|Topic Review (Newest First)|
|08-14-2018 10:13 AM|
Oversize plug is a good fix.....tapered, not so much IMO and the risk of splitting the case is high. 2 cents
|08-12-2018 04:40 PM|
Originally Posted by TryAgain View Post
Probably made no difference; however . . . oversize oil drain plugs actually come in different diameters, successively increasing.
|08-12-2018 02:46 PM|
As it turned out, mine was stripped with an oversized plug already.
The rubber plug sounded like a good idea (especially as an emergency fix), but the insert and low profile drain plug looks more professional. 50 miles and a few days later.... not seeing any leaks! And have a few more tools in the toolbox...
|08-11-2018 06:51 PM|
Originally Posted by KLRCraig View Post
The first rubber stopper of that design I saw, many, MANY years ago, was for soft drink bottles (yes, soft drinks once came in glass bottles). A metal toggle on the stopper expanded the rubber to seal in the precious carbonation (AIEEEEEE! The earth-threatening CO2!).
Later, I saw the same design of stopper used to close the drain hole in the transom of small boats (no, one didn't try to drain the boat this way while in the water!).
The latest plug picture posted on this thread appears of a similar design to the one you mention, KLRCraig, with a nut-and-bolt arrangement, versus a toggle, to expand the rubber circumference.
Thus, more than one way exists to seal a crankcase with stripped drain plug hole threads; some more MacGyveresque than others!
|08-11-2018 06:13 PM|
Back in about 1978 or so (I was 16YO) I offerred to help out my Sister by changing the Oil in her VW Dasher (POS).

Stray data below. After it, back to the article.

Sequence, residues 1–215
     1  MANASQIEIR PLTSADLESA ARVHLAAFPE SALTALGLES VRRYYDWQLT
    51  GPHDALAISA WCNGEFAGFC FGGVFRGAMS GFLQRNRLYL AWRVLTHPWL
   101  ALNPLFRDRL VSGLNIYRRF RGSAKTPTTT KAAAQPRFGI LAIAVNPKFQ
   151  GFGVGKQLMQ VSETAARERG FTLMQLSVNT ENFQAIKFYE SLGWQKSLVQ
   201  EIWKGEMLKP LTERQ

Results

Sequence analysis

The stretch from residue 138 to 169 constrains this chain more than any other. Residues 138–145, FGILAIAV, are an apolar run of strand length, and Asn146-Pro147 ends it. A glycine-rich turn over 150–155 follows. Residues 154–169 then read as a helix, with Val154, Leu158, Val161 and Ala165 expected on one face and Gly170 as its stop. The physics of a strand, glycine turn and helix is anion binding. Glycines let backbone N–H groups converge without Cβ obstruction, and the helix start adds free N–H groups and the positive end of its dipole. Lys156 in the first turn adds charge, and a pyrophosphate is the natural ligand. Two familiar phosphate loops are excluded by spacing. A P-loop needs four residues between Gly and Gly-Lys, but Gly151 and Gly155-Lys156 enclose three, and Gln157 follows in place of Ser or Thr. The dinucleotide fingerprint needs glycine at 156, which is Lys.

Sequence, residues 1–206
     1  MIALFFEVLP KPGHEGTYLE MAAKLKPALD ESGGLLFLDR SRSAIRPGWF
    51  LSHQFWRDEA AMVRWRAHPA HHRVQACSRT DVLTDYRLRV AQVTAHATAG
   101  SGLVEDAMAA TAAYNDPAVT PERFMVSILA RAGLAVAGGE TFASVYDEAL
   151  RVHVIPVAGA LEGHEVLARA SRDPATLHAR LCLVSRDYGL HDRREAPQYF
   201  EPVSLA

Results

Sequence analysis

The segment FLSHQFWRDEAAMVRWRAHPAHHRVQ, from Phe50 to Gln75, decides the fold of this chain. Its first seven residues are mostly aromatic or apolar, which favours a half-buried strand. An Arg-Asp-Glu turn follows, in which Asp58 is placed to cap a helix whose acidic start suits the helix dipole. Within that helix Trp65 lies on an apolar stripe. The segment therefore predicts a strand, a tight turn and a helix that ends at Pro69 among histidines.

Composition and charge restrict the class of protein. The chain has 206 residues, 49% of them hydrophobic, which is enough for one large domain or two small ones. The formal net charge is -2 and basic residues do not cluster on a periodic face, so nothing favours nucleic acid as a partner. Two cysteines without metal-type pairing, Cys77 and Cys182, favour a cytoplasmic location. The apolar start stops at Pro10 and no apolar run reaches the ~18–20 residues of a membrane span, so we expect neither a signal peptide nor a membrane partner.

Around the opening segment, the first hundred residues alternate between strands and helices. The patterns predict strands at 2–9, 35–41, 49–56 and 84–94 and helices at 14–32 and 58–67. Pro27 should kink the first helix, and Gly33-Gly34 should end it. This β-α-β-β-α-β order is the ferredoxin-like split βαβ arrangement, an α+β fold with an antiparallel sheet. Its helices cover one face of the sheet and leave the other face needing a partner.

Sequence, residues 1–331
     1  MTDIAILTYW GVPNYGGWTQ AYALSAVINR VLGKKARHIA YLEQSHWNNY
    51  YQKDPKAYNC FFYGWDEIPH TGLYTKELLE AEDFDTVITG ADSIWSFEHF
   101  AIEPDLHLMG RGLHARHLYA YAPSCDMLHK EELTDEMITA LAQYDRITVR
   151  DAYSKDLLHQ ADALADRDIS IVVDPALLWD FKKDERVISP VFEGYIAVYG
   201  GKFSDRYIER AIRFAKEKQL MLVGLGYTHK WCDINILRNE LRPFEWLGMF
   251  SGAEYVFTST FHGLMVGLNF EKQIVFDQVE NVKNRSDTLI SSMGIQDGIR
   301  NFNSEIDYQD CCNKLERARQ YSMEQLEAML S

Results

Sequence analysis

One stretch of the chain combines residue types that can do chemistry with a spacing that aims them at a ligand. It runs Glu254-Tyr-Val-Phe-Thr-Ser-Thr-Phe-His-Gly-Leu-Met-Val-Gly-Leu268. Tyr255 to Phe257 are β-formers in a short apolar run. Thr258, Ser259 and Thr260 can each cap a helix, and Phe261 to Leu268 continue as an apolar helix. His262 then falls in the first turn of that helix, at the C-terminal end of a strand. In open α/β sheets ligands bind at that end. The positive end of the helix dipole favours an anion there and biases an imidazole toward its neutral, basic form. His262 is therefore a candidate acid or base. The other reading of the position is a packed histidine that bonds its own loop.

The BRUTE that I was (quite the opposite, skinny rail) I over-torqued the OilPanBolt and stripped the threads BUT GOOD.
I thought I was in BIG trouble with Pop (and her) and then of course I had 'the issue at hand' that I KNEW meant I was 'F'd!!!'
Turns out Dad found a rubber stopper that you merely forced in the hole (with it's tool) and it expanded (kina like a toggle-bolt).
Life saved for $10...
Point is... THAT 'RubberOilDrainBolt' solution has been around a good-long-while man! Looks like the pic from Damocles is different design, but I 'get' how it works and THAT it works.
Great post to save here boysNgirls... could happen to any of us, even if we already read the KLRForum FAQs.
|08-11-2018 07:45 AM|
As a public service, here's an image of the device featured in PaddyD's link posted above:
|08-11-2018 03:38 AM|
While this isn't the perfect fix, as long as you aren't dragging the engine over logs and rocks it will do the job just fine.
|08-10-2018 08:00 PM|
For the rare few who may not have clicked onto the "Amazon" link in Post # 13 above, I offer this image in an effort intended for clarification:
Perhaps the considerations discussed in employing this part may be better understood. As some say, "A picture is worth . . . " (I forget the rest!)
|08-10-2018 07:51 PM|
It is mostly like a National Pipe Thread plug, only longer & steeper.
But, I'm reasonably sure that it would 'seal mostly', if not completely, on most automotive applications. But it would also eventually have the oil drain hole enlarged to its Maximum Diameter within a dozen oil changes if left in the hands of the person which stripped out the original threads in the first place, by over-tightening IT, everytime!
|08-10-2018 07:49 PM|
I can think of two possibilities:
1. Since the plug is tapered, it will seal the hole at the 12 mm diameter penetration; this configuration would involve no gasket (outside of a very THICK one), however. And, as mentioned above, the plug would protrude considerably outside the crankcase were this arrangement followed.
2. The plug penetrates until the original hole is enlarged to 16 mm diameter as the plug is driven home; in this case, an ordinary (16 mm) washer would seem applicable. (This approach might lead to the catastrophe pdwestman suggests above as a possibility.)
DISCLAIMER: I do not know the answer; one might direct the question to the manufacturer, "Eco-plug," for a competent and qualified response.
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